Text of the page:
An exchange traded fund (ETF) is a basket of securities — such as stocks, bonds, currencies, or commodities — that can be bought and sold in a single trade on an exchange. It generally tracks the performance of an index, may charge less fees, and offer targeted exposure to a specific market segment, such as an asset class, geography, sector, or investment theme.
In essence, ETFs are funds that trade like stocks with the diversification benefits of mutual funds. In one trade, they may offer diversified, low-cost, transparent and tax-efficient exposure to companies across the globe. But unlike traditional mutual funds, which are priced once a day at the close of trading, ETFs are priced continuously throughout the trading day and can be bought or sold at any time — allowing investors to react to market conditions and news in real-time and to execute trades quickly and efficiently.
Understanding the benefits of ETFs is an important step toward determining whether ETFs can be an appropriate choice for your portfolio
ETFs generally track an index, offering exposure to a specific segment of the market such as:
Because most ETFs are passively managed, they typically have lower management fees and operating expenses compared to mutual funds. Transaction costs are minimized due to the low turnover of most ETFs and the indexes they track. When fees and expenses are low, investors can keep more of their returns.
ETFs provide one of the easiest ways to diversify a portfolio.
They provide access to many companies or investments in a single trade, removing single stock risk — the risk inherent in being exposed to just one company. The ETF structure helps to lower the risk that a select number of individual stocks could hurt overall portfolio performance.
ETFs benefit from two sources of liquidity:
ETFs are generally more tax efficient than other investment vehicles due to the ability to transfer securities in and out of the portfolio in the most tax-efficient manner, via the in-kind creation/redemption process. Because ETFs generally track market indexes, turnover is generally low, resulting in fewer capital gains and lower taxes. Additionally, any associated capital gains taxes are paid at the time of final sale, offering greater control on the timing of tax consequences.
ETFs can be bought through an online brokerage account at their current market price, at any time during the trading day. There are no minimum holding periods, and investors can employ a wide range of trading techniques — such as buying on margin, short selling, and placing limit orders — to react to market movements.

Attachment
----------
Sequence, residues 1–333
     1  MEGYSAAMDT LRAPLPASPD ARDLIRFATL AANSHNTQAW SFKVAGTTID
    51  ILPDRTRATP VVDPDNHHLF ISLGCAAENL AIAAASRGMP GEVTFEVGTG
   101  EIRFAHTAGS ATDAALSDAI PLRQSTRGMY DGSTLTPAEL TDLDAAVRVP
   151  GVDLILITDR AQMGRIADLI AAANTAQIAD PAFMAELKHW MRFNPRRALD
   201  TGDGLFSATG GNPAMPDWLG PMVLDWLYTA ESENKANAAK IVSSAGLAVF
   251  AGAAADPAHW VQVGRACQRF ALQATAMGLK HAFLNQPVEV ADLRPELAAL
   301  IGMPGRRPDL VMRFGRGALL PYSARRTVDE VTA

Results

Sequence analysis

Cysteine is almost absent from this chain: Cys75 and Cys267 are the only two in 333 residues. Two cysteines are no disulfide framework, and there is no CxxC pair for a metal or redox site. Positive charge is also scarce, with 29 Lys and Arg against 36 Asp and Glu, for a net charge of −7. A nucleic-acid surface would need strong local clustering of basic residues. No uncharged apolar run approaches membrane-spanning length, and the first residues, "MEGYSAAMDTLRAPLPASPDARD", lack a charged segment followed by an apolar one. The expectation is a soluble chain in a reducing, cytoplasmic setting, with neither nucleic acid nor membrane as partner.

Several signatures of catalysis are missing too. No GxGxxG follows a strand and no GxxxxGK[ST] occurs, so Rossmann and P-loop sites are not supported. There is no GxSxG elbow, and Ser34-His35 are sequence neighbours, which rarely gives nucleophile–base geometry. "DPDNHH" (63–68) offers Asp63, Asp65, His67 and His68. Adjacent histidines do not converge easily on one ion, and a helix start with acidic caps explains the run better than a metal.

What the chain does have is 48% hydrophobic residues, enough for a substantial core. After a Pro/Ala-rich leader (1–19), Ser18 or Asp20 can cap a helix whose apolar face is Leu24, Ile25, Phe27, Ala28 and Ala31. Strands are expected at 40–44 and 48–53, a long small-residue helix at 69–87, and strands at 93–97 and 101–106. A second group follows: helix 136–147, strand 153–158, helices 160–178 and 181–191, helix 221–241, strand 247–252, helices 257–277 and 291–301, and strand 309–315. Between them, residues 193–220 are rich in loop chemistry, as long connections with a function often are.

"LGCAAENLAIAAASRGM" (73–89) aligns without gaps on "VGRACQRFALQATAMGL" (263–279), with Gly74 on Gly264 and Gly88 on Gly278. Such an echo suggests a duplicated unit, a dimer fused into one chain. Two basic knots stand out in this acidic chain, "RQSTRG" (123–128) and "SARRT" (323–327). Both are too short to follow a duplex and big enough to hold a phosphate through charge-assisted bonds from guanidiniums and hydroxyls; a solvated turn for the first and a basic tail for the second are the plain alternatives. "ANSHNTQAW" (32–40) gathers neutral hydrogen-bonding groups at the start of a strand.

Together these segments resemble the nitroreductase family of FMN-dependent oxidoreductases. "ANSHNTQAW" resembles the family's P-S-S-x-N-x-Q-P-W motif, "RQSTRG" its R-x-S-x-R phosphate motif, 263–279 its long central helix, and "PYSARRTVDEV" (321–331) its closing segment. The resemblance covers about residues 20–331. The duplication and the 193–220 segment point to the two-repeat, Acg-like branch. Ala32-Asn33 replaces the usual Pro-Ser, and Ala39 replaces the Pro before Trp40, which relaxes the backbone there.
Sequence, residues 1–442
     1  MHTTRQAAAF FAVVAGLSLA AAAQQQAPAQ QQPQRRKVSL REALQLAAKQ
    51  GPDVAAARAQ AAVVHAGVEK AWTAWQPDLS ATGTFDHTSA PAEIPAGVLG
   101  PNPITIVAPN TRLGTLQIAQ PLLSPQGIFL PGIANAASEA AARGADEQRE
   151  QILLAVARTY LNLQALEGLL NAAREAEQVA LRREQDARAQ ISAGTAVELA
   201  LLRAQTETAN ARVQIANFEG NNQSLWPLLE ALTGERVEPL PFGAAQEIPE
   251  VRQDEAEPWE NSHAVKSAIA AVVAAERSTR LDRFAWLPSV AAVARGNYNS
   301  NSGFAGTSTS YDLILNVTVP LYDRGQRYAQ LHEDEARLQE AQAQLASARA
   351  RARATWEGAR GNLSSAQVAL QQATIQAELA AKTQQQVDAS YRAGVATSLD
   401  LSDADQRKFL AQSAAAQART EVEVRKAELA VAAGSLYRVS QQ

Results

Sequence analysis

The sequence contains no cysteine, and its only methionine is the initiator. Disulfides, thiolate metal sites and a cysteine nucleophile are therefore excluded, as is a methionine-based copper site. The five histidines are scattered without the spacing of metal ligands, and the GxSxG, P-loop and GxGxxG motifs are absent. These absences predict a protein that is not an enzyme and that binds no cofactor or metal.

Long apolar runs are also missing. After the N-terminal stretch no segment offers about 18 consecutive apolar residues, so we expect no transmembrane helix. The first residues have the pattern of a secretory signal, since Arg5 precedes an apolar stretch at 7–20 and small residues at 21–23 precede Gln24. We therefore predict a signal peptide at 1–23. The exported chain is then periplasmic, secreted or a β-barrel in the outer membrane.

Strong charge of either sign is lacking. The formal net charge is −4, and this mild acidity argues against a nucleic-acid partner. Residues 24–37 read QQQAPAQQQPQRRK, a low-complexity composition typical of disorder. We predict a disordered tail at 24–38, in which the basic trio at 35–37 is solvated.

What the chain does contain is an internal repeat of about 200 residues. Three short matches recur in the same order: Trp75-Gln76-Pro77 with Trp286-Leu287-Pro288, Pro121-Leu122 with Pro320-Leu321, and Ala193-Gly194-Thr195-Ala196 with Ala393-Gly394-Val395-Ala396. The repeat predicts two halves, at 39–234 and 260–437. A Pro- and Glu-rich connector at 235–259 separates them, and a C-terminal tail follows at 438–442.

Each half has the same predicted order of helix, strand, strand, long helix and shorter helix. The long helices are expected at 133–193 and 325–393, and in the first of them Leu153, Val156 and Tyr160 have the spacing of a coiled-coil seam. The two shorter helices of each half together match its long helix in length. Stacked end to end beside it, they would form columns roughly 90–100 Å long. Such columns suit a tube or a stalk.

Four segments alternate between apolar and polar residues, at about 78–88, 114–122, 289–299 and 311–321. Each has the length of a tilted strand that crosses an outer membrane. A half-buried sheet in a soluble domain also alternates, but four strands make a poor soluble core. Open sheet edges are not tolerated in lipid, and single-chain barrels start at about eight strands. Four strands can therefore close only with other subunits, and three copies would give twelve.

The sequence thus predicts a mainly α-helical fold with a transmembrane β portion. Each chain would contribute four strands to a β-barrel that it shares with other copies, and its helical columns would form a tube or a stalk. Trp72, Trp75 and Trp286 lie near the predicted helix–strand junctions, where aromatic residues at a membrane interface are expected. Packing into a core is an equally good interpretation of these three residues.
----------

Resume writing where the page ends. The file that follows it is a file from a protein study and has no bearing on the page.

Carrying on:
Most ETF holdings are fully transparent and available daily, which means that investors can see exactly what assets the ETF holds and how its performance is being impacted by changes in the underlying assets. This can help investors make more informed investment decisions with greater accuracy.
Like any investment, ETFs carry certain risks that investors should be aware of before making a decision to invest:
Using a due diligence process, investors should consider their investment objectives and risk tolerance before investing in ETFs. Be sure to visit the fund’s prospectus for more information on the risks associated with a particular ETF.
One example of an ETF is the SPDR® S&P 500® ETF (SPY) — the largest,2 most traded,3 and most liquid ETF in the world.4 This ETF tracks the S&P 500 Index, which is a broad-based index that consists of 500 of the largest publicly traded firms in the United States, spanning all major sectors. By investing in SPY, an investor can gain exposure to the performance of the entire US stock market, which can help to diversify their portfolio and potentially reduce the impact of market volatility.
ETFs have grown exponentially since 1993 when State Street Global Advisors launched the SPDR® S&P 500 ETF Trust (SPY), the first US-listed ETF. Today, investors use ETFs to precisely meet their individual portfolio needs, from finding income and gaining broad market exposure, to lowering costs and investing in difficult-to-reach markets.
State Street Global Advisors launched the first US-listed ETF: SPDR® S&P 500 ETF Trust (SPY)
Total number of global exchange traded funds available. 5
Global assets under management in ETFs and ETPs 5
1 ETFGI, as of December 31, 2022.
2 Bloomberg Finance L.P., as of December 12, 2022.
3 Bloomberg Finance L.P., as of December 12, 2022.
4 Bloomberg Finance L.P., as of December 12, 2022.
5 ETFGI, as of December 31, 2022.
Authorized Participant (AP)
A US-registered and self-clearing broker-dealer who meets certain criteria and signs a participant agreement with a particular ETF sponsor or distributor to become an “authorized participant” of the fund. APs are often associated with large and influential investment banks, and are scrutinized for their integrity and operational competence as they are the only parties who transact directly with an ETF.
Creation and Redemption Process